How can confidence intervals help us in SPSS research?

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    Confidence Interval is the range of values of a variable of interest computed to guide SPSS researchers using the sample to know where the true effect lies of the population. This would mean that if another sample is taken and the same analysis carried out, then the effects should lie within the C.I limits. The end values of the range are called the confidence interval limits i.e. Upper and lower limits.

    Confidence interval is more preferred by SPSS researchers than the p-value. The confidence interval shows the range in which the true values may lie of the population but not the actual value of the variable, hence if a value of the variable is computed and the value lies within the upper limit and the lower limit then we can conclude that the effect is statistically non significant. Otherwise if the computed value of the variable does not lies within the limits then we can conclude it’s statistically significant.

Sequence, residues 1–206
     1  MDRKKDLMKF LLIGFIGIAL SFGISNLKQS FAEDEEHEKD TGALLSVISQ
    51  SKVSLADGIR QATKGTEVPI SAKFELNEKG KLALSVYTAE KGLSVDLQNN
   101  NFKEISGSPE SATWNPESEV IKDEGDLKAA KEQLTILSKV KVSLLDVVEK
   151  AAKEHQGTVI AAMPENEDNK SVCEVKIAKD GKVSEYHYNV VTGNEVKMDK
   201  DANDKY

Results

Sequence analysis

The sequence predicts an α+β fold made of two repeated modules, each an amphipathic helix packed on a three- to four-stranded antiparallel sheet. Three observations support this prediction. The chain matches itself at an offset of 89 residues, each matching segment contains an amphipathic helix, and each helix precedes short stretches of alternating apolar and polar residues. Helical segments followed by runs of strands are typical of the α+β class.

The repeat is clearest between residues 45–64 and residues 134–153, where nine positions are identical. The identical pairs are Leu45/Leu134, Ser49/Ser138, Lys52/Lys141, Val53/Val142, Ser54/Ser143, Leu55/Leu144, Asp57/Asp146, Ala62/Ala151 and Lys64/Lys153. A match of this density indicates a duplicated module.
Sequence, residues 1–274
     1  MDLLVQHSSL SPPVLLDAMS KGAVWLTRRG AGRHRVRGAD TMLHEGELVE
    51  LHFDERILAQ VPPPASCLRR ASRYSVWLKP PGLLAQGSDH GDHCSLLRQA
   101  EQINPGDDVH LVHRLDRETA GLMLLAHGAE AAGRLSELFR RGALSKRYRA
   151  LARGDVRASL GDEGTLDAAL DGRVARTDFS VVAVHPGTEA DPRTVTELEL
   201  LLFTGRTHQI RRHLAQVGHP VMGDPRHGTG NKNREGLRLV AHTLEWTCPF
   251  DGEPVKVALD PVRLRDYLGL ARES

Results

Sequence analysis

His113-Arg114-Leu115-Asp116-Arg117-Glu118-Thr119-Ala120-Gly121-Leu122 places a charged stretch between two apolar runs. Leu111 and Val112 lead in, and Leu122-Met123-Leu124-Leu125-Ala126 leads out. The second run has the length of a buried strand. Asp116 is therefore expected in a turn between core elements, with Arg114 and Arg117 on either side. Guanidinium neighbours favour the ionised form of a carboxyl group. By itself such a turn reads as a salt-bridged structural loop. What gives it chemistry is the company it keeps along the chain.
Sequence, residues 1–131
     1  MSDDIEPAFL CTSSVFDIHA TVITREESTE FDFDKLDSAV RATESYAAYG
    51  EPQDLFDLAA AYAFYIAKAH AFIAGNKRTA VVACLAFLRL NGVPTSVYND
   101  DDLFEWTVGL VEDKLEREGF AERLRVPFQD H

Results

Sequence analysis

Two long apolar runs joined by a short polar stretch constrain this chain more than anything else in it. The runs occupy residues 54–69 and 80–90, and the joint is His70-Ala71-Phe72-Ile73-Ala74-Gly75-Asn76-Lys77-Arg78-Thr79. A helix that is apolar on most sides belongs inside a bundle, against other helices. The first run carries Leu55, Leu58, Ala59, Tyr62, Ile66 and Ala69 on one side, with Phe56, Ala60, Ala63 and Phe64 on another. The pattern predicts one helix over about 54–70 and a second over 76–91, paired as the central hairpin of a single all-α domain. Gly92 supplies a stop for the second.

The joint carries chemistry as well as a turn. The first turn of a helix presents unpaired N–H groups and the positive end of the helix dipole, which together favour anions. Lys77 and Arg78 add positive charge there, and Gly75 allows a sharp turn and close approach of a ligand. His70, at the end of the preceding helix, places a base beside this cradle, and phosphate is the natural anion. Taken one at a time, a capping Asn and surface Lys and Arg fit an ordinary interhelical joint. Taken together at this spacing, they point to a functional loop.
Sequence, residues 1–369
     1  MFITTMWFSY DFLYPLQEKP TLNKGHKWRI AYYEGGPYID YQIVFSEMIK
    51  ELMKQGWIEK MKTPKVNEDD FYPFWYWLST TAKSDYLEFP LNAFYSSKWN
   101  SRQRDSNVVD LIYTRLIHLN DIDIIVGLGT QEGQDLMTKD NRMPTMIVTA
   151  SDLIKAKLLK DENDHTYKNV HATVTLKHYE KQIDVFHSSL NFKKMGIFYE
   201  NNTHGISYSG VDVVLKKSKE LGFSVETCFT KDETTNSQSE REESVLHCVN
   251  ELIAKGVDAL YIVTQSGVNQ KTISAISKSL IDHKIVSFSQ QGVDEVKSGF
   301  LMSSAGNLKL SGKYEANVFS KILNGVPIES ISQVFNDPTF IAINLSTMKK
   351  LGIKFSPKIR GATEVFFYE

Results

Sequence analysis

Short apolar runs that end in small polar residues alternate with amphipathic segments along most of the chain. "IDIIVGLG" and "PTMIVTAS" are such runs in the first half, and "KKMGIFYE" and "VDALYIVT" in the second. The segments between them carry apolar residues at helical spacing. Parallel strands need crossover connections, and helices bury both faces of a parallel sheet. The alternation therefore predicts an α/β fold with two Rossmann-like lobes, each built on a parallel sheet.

Large samples tend to have small range of C.I while small samples have a wide range. If the C.I has a small range then the SPSS researchers are confident that effects far from this range have been ruled out making the estimates of the real effect precise. Wide range of the confidence interval on the other hand provides imprecise estimates of the real effect

    P-value could make SPSS researchers to conclude statistically significant whereas it’s not true making Type I error (rejecting null hypothesis when it’s true). For instant at 0.05 level of confidence the P-value could be less than 0.05 suggesting statistically significant which could be by chance (one out of 20), yet looking at the confidence interval the true effects lies within the limits. Also Type II error (accepting null hypothesis is false) can occur.

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